There’s nothing like a gravel road encased in fog to bring out the foliage colors and set the mood for a perfect autumn day.
Cemeteries in New England were often planted with maple trees and thus make very colorful spots in the fall.Read More
There’s nothing more satisfying than stumbling across a few hidden ponds while out searching for good foliage shots. The beautiful backcountry of New Hampshire never ceases to amaze!
It’s rare that I can get a small group of sheep to concentrate on anything except eating grass but I was lucky to get this shot with my iPhone before everyone resumed their chomping at the ground.
A little Photoshop magic allowed me to take this street scene titled “Wishing,” which was shot in the middle of the day, and make it look like early evening. Photo was taken in Chipping Campden, UK using a small 6 megapixel Nikon D50 which still takes great shots!
One of my favorite subjects for fall photography is this red barn located in Hancock, New Hampshire. I have taken many shots of it over the years from many different angles.
One of my favorite spots to photograph in the fall is this little pond on the outskirts of Hancock, New Hampshire. I simply love the way the hayfields surround the pond, with it’s colorful foliage, all set against the backdrop of that lovely little hill. I have photographed this scene many times over the years and it never fails to please.
A row of maples in a wet area at the foot of Crotched Mountain in Francestown, New Hampshire begin to turn color before many of the surrounding trees located on drier land.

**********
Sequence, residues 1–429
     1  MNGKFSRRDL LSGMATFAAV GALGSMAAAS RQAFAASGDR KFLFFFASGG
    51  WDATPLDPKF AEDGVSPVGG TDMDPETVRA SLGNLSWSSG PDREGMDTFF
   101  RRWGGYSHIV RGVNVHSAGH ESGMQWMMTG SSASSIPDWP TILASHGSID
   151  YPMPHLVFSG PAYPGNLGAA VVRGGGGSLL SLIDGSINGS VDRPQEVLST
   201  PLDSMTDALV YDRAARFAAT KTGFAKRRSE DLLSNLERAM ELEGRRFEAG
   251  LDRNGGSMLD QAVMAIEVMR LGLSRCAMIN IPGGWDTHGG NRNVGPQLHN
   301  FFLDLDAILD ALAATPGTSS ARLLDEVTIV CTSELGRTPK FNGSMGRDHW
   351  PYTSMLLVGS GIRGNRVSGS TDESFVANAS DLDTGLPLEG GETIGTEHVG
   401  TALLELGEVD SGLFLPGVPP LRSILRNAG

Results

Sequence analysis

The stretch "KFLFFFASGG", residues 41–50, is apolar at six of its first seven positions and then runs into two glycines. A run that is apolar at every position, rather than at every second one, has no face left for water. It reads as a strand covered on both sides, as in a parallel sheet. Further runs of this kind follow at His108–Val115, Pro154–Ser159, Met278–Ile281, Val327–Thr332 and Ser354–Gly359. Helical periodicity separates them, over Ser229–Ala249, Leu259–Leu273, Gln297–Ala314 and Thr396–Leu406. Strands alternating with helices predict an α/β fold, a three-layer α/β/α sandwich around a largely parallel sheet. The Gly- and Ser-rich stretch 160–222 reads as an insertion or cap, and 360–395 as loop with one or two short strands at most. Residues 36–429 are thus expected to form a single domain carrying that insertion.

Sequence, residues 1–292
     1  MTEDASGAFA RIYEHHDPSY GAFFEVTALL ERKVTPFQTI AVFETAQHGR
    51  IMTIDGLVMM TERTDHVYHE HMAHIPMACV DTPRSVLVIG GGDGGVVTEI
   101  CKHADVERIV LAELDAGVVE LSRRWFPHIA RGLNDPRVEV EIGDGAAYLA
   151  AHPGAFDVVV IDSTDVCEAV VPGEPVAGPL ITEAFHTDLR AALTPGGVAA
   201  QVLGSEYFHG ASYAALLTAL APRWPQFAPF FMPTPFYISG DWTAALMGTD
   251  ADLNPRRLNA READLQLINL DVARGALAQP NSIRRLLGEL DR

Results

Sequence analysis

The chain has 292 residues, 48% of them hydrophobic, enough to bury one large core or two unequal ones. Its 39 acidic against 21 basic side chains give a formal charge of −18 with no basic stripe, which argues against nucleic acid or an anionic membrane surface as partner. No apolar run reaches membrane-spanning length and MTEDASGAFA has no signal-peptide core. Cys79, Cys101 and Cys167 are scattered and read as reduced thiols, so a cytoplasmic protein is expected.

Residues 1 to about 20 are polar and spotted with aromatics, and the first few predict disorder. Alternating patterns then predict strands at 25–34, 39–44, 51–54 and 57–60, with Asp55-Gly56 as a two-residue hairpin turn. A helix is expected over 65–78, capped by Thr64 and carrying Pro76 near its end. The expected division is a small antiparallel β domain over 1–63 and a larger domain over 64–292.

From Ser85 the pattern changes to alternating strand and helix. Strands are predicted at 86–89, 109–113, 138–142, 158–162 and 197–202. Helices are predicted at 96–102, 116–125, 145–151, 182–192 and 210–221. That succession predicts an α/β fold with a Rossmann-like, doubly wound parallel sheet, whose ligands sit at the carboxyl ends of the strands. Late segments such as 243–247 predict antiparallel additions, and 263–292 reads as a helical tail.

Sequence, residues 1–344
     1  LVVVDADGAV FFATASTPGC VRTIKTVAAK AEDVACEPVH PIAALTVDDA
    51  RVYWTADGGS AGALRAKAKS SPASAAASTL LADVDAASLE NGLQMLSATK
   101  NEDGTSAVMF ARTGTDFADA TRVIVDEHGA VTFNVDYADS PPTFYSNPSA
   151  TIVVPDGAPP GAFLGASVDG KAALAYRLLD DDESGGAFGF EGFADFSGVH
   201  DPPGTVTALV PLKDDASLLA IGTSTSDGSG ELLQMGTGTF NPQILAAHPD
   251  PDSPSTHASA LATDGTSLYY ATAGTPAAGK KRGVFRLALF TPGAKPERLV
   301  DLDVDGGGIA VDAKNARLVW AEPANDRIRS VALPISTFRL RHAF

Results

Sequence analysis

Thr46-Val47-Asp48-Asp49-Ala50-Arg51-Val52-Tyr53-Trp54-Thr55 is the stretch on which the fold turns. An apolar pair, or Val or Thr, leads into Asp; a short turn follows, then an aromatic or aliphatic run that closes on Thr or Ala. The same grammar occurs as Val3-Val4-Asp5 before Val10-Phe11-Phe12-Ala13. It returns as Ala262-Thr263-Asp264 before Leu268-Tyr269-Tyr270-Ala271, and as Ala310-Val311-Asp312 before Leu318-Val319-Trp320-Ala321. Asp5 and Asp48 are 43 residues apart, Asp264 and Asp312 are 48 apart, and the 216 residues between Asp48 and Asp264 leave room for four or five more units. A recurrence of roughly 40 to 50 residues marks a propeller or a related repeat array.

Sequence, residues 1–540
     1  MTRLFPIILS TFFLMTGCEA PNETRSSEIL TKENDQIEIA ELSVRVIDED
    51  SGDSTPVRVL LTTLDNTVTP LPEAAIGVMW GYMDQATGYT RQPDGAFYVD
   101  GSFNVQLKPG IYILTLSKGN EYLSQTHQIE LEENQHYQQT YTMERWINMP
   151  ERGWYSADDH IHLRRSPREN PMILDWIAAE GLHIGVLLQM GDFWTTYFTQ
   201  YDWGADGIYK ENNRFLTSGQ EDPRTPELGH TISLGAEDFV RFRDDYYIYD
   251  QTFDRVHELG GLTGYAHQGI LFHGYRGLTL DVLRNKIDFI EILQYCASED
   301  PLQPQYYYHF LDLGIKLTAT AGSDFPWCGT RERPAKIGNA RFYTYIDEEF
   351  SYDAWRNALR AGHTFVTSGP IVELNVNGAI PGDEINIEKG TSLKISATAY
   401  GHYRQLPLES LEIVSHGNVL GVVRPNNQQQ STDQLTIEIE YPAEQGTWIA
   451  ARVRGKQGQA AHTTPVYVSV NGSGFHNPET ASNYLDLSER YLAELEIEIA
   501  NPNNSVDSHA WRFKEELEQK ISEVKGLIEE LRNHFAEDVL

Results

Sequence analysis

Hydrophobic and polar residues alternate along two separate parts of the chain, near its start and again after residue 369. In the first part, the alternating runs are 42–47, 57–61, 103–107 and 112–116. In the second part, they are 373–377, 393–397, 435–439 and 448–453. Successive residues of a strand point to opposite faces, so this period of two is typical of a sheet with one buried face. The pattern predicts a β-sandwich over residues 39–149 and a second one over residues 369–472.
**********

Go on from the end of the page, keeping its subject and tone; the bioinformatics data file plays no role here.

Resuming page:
Monet would have been perfectly happy had he been able to be in New England during foliage season.
Autumn truly is the best season in New England!
After the “swamp maples’ turn their bright red in late September or early October, one of the first patches of true autumn color in our area happens with these ancient maples along an old gravel road that winds between houses and barns, some being older than the trees themselves.
It’s the season for native Goldenrod to bloom (Solidago) and it sure does beautify the edge of this trail leading up Crotched Mountain in Greenfield, New Hampshire. So many allergy sufferers blame their symptoms on Goldenrod when, in fact, the real culprit is Ragweed (Ambrosia sp.) which blooms at about the same time.
Rhus typhina, our native Staghorn Sumac simply loves the edges of pastures. To say it is a volunteer under these conditions is an understatement. It leads the charge. I remember when we first moved to the farm, I spent a great part of the first year clearing very large Staghorn Sumacs that had suckered and were marching toward the center of the pasture from every edge. The beauty of the plant, however, has not been lost on breeders who have developed a number of cultivars for the garden including the show stopping Rhus Typhina ‘Tiger Eyes’ (below).
Sheep graze on the green hillside behind The Old Bakery in the beautiful Cotswold village of Blockley in England.
I’m not really sure if this is a true potting shed or simply a gorgeous little shed/outbuilding. It sits at the very end of a long axis in the garden at Rodmarton Manor, one of the last untouched arts & crafts manor houses and gardens in England. I have always loved the way the two yew hedges flanking it have been carved out to accept the edges of the roofline.
I will often get inspired to edit a photo in a certain way based on a painting I admire.Read More